A superb circular walk crossing three cols and the border into Italy and back. There are amazing and changing views throughout. Recently upgraded with signage as a locally important route and marked as 210 on the Swiss side of the border, 103 or 13a on the Italian side.
Described here in a clockwise direction as the Col du Bastillon is better in ascent than descent.
Calculated time is computed with the distance, the height difference, and an average speed of 2.2 mph. For an intermediate walker, this time includes small breaks.
There is plenty of parking available at the Grand St. Bernard Pass. We drove past the hospice, crossed the border into Italy and parked on the right behind the closed hotel, just before the statue of St. Bernard.
(D) From the car park, walk past the statue of St. Bernard and the Roman remains of the temple of Jupiter. Follow markers for 103 on the ancient footpath which leads down to the road.
(1) Cross the road and continue along the footpath passing signposts where the Via Alpina turns off left. You will now pick up route 13A. Continue along the path to cross the road again, walk up and behind the restaurant and continue up (possibly passing old patches of snow) to reach the Fenetre de Ferret. This col is like a window, the views of the Mont Blanc Massif open up from here but if you want to see Mont Blanc itself you will have to climb the short hill on your left or continue up to Tete de Fenetre.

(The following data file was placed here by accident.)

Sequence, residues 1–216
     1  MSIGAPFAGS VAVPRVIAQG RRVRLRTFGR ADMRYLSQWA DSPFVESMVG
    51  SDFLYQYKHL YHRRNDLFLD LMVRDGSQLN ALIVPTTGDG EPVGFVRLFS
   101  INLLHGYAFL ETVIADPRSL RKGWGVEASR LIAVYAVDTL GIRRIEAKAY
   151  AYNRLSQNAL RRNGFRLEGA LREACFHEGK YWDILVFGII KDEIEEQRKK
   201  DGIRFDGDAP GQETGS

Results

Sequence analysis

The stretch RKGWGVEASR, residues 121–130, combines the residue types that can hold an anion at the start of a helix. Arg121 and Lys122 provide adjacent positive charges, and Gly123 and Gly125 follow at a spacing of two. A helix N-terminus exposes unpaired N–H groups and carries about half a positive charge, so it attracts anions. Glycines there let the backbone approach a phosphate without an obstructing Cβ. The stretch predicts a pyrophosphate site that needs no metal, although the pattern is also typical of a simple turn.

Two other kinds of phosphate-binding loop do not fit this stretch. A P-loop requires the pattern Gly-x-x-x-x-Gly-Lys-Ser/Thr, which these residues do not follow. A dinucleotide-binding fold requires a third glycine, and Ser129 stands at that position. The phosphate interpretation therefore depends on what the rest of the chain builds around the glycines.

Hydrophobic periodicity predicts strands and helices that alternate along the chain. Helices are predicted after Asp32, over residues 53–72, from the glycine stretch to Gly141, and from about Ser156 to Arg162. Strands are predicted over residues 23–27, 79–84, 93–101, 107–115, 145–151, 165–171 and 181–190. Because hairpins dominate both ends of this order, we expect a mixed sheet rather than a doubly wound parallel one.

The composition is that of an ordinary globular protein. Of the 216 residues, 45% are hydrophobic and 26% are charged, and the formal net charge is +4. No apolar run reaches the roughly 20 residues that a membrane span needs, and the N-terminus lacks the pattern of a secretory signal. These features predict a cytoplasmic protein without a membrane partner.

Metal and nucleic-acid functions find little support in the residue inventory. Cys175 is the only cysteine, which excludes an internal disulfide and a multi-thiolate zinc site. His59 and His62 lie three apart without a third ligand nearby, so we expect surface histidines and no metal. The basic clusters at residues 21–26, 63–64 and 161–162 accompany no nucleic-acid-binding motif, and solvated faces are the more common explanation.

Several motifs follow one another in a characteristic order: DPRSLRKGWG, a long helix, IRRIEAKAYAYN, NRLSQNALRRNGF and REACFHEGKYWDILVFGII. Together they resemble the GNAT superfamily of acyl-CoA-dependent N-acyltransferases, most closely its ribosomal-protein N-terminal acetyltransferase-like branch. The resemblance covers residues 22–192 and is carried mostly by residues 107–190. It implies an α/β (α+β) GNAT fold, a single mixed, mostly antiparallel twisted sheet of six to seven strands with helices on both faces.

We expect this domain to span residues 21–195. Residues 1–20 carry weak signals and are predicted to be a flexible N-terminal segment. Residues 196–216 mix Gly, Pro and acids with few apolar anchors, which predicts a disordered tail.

(2) Ahead of you are the Lacs de Fenêtre and a rocky ridge on the right running down from Pointe de Drône. Rejoin the path and walk down to the Lacs de Fenetre. As you descend the broad ridge, the lake on the left will offer great photo opportunities and from the right angle, it looks heart shaped. If it is not windy, it is worth going down to the lakeshore the get some photos of the mountains reflected in the water.
(3) Rejoin the path and continue to the third lake. Cross it at the end via stepping stones which make up a dam wall. Just before the stepping stones, take the small path to see where the stream from the lake goes. Into a sinkhole beneath a short outcrop of rock.
(4) The rocky ridge up on the right looks impassible and at first it is hard to see where the Col des Bastillon goes. Follow path 210 up through the scree and take the left to a right rake which cuts through the crags. The rock is on the loose side, although the rake is quite broad. Surprisingly, this section was not equipped with a hand chain (2019) so please take care, particularly if wet and if passing people coming down.
(5) From the top of the Col des Bastillon the views ahead of Mont Velan and the Grand Combin open up. The path is much easier angled on the way down into the delightful pasture around the Petit and Grand Le, where you might pass between a large herd of cows. Descend into a shallow valley, cross the stream and continue to a junction in the path, wee signposted with markers bolted to a large boulder.
(6) Continue on route 210 and take the path upwards and through the scree to the Col des Chevaux. The path is never steep but climbs in broad sweeps, it is easy to imagine pack horses being taken this way. Remember to look behind you as the higher that you ascend the more that you Mont Dolent as it become visible behind the Col des Bastillon.